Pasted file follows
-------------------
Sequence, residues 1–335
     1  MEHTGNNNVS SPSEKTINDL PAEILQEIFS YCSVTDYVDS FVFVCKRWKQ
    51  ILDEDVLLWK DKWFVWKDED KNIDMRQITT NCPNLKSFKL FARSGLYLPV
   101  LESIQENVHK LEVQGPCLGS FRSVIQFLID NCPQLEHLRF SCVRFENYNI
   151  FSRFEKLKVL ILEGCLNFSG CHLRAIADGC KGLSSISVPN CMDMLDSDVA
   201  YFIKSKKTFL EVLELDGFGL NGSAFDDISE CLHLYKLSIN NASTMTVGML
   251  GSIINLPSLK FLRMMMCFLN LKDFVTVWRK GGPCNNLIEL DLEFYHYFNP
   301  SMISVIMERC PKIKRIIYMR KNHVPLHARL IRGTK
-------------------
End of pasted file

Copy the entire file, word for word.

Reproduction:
Sequence, residues 1–335
     1  MEHTGNNNVS SPSEKTINDL PAEILQEIFS YCSVTDYVDS FVFVCKRWKQ
    51  ILDEDVLLWK DKWFVWKDED KNIDMRQITT NCPNLKSFKL FARSGLYLPV
   101  LESIQENVHK LEVQGPCLGS FRSVIQFLID NCPQLEHLRF SCVRFENYNI
   151  FSRFEKLKVL ILEGCLNFSG CHLRAIADGC KGLSSISVPN CMDMLDSDVA
   201  YFIKSKKTFL EVLELDGFGL NGSAFDDISE CLHLYKLSIN NASTMTVGML
   251  GSIINLPSLK FLRMMMCFLN LKDFVTVWRK GGPCNNLIEL DLEFYHYFNP
   301  SMISVIMERC PKIKRIIYMR KNHVPLHARL IRGTK